July 27, 2007

The stuff of legends

Trent Bridge has both beauty and history to commend it. Having staged its first Test 108 years ago, it's been home to some of the greatest players the game has seen, both locally born and those that came over from former colonies



Even on a rainy day Trent Bridge resonates with heroic sporting deeds of the past © Getty Images

Trent Bridge has both beauty and history to commend it. Having staged its first Test 108 years ago, it's been home to some of the greatest players the game has seen, both locally born and those that came over from former colonies. William Gunn, co-founder of Gunn & Moore, whose bats were used by the likes of Steve Waugh and Mike Gatting, played for the county, as did a certain Harold Larwood, whose pace and Robin Hood-like accuracy while bowling to a certain plan caused a diplomatic crisis between the Ashes rivals.

One of the stands is named after Larwood, who came from the collieries to give shape to Douglas Jardine's leg theory, and Bill Voce, his partner in what the beaten Australians saw as a crime against the spirit of the game. Decades later, Nottinghamshire would have another unparalleled bowling combination, Richard Hadlee and Clive Rice, who inspired championship charges in 1981 and '87.

But Trent Bridge is also where perhaps the greatest of them all played his county cricket. Sir Garfield Sobers graced this venue in the 1960s and '70s, and was quite the man about town as well. In fact, in Ken Gallagher's wonderful biography of Jim Baxter, the late lamented Scottish football icon, you can find a chapter called Drunk and Sobers in Nottingham, about the unlikely friendship that developed between a mercurial genius with the 'wee pipe-stem arms' and magic feet, and another who could do just about anything he set his mind to on a cricket field.

All these men are an integral part of Nottingham's sporting lore, but they all have to cede the highest pedestal to a man who was without question the greatest sporting coach the world has ever seen. Brian Clough himself never disputed that - "I certainly wouldn't say I'm the best manager in the business, but I'm in the top one" - and there was a certain irony in watching an Indian team without a coach lord it over the home side.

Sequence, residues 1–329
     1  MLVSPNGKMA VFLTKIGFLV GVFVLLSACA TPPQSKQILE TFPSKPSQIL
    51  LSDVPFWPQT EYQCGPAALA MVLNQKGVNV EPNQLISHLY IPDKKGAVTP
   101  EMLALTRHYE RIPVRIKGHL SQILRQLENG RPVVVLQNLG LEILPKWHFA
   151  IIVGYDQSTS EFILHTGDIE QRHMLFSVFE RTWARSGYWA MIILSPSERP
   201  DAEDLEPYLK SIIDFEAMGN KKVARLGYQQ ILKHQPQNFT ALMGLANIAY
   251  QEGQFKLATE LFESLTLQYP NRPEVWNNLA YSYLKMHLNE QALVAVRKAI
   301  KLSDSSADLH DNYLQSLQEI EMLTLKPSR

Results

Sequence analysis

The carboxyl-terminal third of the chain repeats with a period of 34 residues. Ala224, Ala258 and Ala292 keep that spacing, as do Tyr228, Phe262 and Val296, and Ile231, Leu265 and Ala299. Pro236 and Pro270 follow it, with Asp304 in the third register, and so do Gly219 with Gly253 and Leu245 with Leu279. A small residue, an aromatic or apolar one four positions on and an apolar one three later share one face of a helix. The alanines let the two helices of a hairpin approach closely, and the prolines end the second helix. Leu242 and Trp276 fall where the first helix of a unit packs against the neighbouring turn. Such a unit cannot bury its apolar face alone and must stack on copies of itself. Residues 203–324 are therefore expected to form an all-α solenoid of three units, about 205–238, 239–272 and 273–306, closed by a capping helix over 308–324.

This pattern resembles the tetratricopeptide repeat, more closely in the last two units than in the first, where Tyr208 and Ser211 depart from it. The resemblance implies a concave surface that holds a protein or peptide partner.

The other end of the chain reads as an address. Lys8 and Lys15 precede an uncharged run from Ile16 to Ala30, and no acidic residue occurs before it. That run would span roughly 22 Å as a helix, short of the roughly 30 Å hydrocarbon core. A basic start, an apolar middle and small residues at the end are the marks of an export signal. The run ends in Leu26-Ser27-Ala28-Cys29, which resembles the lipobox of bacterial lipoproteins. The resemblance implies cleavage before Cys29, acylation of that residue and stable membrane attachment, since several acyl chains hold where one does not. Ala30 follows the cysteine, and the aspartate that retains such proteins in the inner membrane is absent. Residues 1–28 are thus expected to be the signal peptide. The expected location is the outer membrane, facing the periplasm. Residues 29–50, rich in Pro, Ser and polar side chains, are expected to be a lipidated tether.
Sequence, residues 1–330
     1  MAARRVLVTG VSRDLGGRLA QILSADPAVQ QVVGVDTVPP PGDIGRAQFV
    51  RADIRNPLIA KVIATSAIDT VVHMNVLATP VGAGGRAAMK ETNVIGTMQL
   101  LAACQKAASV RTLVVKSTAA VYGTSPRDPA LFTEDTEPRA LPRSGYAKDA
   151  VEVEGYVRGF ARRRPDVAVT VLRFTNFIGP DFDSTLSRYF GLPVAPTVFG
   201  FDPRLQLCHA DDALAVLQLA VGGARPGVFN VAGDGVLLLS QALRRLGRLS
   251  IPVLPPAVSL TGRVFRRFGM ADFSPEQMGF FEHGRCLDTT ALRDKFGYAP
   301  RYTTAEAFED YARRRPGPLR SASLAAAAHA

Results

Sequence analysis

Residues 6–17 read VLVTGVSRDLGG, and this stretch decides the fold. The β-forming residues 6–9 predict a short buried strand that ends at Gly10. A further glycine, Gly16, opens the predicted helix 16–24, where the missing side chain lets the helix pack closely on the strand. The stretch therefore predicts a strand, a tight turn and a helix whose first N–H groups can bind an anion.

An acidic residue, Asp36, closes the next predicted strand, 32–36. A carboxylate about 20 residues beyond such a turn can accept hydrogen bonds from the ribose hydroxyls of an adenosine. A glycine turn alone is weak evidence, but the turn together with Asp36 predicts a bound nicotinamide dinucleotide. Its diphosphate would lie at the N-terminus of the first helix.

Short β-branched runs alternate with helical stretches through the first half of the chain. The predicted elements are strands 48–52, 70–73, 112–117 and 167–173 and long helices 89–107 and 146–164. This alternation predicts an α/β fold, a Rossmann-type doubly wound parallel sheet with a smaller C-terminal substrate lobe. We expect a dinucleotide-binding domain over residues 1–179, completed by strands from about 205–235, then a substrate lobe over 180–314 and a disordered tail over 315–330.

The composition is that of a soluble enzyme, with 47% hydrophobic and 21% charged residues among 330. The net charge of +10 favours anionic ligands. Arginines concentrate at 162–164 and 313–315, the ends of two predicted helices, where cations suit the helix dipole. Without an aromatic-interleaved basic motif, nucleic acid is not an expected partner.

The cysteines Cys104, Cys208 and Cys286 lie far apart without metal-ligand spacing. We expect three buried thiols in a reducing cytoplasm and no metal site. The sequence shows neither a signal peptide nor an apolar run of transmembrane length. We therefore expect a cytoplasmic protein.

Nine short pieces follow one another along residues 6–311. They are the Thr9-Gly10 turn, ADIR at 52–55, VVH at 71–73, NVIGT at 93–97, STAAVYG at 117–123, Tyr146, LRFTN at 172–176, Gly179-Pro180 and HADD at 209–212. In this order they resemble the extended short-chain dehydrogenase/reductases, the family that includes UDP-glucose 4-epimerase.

The author of the most captivating sporting fairytale may be gone, but the legacy endures, just as it does at Trent Bridge, where you can stare out at the abandoned outfield in the late-evening sun and visualise Sobers sauntering down the track to loft one over the pavilion roof

Even three years after his death, Clough's presence is all-pervasive. The man they called Old Big 'Ead led both Derby County and Nottingham Forest to championship glory - the A52 that connects the two towns is now the Brian Clough Way - in an era that must seem almost surreal to people living in the area now. Derby have come back to the Premiership, but Forest, who Clough led to two European Cups, now languish in the third tier of English football. The decline began in his time, and was accelerated by his alcoholism, but it's safe to say that sport will never see a Cinderella team like that again.

Years from now, people will find it hard to believe that a provincial English club once ruled European football. The only comparison that can be made is with the dynasty that Vince Lombardi built in a nowhere Wisconsin town called Green Bay. But unlike Americans, who are inordinately fond of calling their national championships World Series and Superbowls, Forest were genuine world-beaters.

Those days are long gone, and you can only feel the echoes of the glory years when you stare across at the City Ground from Trent Bridge. Again, one name catches your eye. The Clough Stand. The author of the most captivating sporting fairytale may be gone, but the legacy endures, just as it does at Trent Bridge, where you can stare out at the abandoned outfield in the late-evening sun and visualise Sobers sauntering down the track to loft one over the pavilion roof.

Dileep Premachandran is associate editor of Cricinfo